“We are delighted that Kensington Temple has bought the Coronet Cinema. We were approached by a number of prospective purchasers but Kensington Temple came forward with a proposal that ensured the continuation of an important cinema. Their proposal promised exciting developments in the use of this historic building and a return in due course also to include its original role as an important venue for theatrical and live arts.”

Pastor Dye also clarified the Temple’s position regarding the intended uses of the Coronet:

“We have always said that our primary purpose is to use the Coronet as a centre for the arts for all the community. We are currently in the process of what we intend to be a comprehensive consultation with every section of the community.

We believe that out of this process of consultation will come positive and concrete proposals which, if implemented, will make the Coronet a thriving multi media entertainment centre for the whole community.

We are not seeking to turn the Coronet into a church and are not applying for any change of use at this time. The Cinema will continue to run as usual. We expect the final proposals when they are completed will include on-going cinema capability as well as the full restoration of the theatre element.”

-ends-

Ken Roe
Ken Roe on May 18, 2004 at 3:37 pm

Sad news, the Coronet closed on 12 May 2004, one day earlier than announced. The final film in the main auditorium was ‘Van Helsing’. EasyCinemas were hoping to buy the building and continue its cinema use, but were outbid by a church who plan to use the building for their services, but they say they may still occasionally screen ‘family orientated’ films.

The Coronet was built as a drama theatre, opening on 28th November 1898 at 103-111 High Street, Notting Hill, in West London. It seated 1,143, the architect was W.G.R. Sprague. It became a full time cinema from November 1923 and this continued until its recent closure. Only 2 years ago a 2nd small screen was added, located on the stage. It was the last cinema in London that still allowed smoking in the auditorium. It is a Listed Grade II building.

nastyman
nastyman on April 28, 2004 at 4:46 pm

The cinema is sold now due to pure greed only.Long live the coronet but not the ex owners!!

tribecafilm
tribecafilm on March 27, 2004 at 5:47 pm

I hope that this theater can be saved.

kiwidownunder
kiwidownunder on March 22, 2004 at 2:38 pm

Dear Brian,
I used to be projectionist there in the 70s just before it changed hands.Les Palmer was manager.I would like to know where he is these days.Great place and great memories.I now run hotels in Auckland New Zealand.
I use to love running the old classics on the 16mm we had there at the time and the Busby Berkley films.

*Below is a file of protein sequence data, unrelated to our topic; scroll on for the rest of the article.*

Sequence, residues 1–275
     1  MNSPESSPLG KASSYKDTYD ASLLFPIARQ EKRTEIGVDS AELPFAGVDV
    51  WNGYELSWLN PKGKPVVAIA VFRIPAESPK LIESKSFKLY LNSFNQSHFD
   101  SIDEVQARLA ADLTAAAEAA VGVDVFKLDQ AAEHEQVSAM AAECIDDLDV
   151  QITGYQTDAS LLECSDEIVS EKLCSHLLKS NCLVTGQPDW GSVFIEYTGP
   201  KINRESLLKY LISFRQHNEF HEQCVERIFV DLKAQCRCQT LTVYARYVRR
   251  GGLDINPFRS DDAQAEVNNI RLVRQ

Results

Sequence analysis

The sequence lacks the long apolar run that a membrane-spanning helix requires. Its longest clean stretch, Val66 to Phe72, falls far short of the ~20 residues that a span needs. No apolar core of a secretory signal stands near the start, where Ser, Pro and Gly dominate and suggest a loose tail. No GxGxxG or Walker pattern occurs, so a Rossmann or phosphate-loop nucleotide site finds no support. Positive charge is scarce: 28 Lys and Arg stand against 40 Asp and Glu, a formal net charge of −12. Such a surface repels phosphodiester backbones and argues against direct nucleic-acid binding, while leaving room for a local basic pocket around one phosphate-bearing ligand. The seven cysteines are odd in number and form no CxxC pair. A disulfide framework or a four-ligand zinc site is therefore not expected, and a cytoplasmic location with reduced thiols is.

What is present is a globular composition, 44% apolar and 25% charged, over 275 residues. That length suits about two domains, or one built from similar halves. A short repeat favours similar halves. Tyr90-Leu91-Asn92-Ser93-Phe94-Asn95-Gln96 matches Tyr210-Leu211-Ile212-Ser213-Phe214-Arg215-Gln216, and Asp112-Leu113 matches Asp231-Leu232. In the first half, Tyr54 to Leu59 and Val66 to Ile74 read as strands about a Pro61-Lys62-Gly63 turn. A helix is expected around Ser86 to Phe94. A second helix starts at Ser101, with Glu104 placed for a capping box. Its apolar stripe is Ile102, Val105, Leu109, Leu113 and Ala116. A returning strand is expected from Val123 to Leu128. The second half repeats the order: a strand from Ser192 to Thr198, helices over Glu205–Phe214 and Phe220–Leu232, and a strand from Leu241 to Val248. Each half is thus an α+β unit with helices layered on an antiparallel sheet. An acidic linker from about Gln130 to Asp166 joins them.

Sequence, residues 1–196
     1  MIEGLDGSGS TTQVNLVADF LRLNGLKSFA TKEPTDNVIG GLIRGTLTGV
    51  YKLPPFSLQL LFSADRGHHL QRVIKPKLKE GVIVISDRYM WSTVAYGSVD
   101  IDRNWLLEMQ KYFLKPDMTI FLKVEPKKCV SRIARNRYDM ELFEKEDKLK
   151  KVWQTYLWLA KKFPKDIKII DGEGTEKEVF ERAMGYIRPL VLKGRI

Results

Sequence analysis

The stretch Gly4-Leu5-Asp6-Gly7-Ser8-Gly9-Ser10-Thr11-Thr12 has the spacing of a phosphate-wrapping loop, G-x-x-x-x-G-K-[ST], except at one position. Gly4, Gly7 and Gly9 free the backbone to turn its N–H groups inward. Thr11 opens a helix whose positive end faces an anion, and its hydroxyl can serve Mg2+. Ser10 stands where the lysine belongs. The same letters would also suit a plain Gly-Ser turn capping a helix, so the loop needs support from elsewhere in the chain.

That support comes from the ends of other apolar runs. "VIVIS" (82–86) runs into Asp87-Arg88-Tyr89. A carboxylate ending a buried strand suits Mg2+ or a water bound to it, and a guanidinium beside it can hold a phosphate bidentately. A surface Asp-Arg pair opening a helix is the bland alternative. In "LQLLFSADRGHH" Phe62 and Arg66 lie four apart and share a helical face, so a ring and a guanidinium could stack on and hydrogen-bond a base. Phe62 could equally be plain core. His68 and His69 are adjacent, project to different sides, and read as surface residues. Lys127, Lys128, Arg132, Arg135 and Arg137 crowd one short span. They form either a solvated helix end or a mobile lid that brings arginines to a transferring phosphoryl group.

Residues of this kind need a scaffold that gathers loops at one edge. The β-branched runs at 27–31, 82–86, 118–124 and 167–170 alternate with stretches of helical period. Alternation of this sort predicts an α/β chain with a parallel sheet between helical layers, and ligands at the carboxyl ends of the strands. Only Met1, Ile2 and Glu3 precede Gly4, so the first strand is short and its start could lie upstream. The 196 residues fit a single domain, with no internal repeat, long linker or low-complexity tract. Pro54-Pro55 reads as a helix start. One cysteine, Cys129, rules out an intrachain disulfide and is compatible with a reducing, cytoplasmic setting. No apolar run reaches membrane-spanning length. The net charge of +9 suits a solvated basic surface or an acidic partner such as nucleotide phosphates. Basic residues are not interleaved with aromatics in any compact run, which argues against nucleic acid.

Paul

genreclassics
genreclassics on February 28, 2004 at 12:01 pm

the coronet is a fine cinema . having worked there as a relief projectionist up till late 2003 a dream show for any projectionist who cared about showmanship .full manual presentaion vic 8 mech with dolby digital philips/kinoton platter. cp500 processor screen 1 with festoon curtains . the upper circle not used as rake too steep .but could make a special events cinema in its own right .
screen 2 vic 9 dolby sr with philips.kinoton platter again festoon curtains . super clean in both auditoriums . a credit to the cleaning staff. owned at the time by mr and mrs graham dowdon .once head of the rank organisation .i have quite a few pics of this beautifull cinema . and was very lucky to have been videoed by fred fullerton who visited the cinema with camcorder in hand .
the potential for the coronet was never fully realised .as 70mm would have made a great option with bigger screen of course .
the 388 seats is correct loss of seats was beacause better quality seats fitted in stalls with super leg room .in the right hands and money spent it could be the best cinema in london .as the acoustics are superb . with no break thru from screen 1 to 2
please contact me if you want to see photos at .co.uk

Orlando
Orlando on February 24, 2004 at 8:16 am

I have just arrived from London, and saw the exterior of this building. This theatre looks a lot larger than the 388 seats that the statement makes above. I did photograph the exterior. Since I see no mention of seating capacity above, where was the 388 figure obtained from?

woody
woody on February 24, 2004 at 8:03 am

with 388 seats! and 147 on the stage, this is a little variety theatre that became a local cinema, there are plenty of large west end halls and theatres for orchestras to perform in.

DAVIDFREEMAN
DAVIDFREEMAN on November 2, 2003 at 6:54 pm

OPENED ON 28TH NOV 1898…

davidpring
davidpring on January 16, 2002 at 6:40 pm

This building was part of the Gaumont circuit until the late 1970s when it was taken over by the Coronet Group and had its original name re-instated.

The main auditorium looks and feels like an Edwardian theatre.

The second auditorium has recently been built on the stage and has an equally theatrical feel. A great place to see a film although the building is frequently eyed as a future home for Mcdonalds!! Long may it continue to operate as a cinema!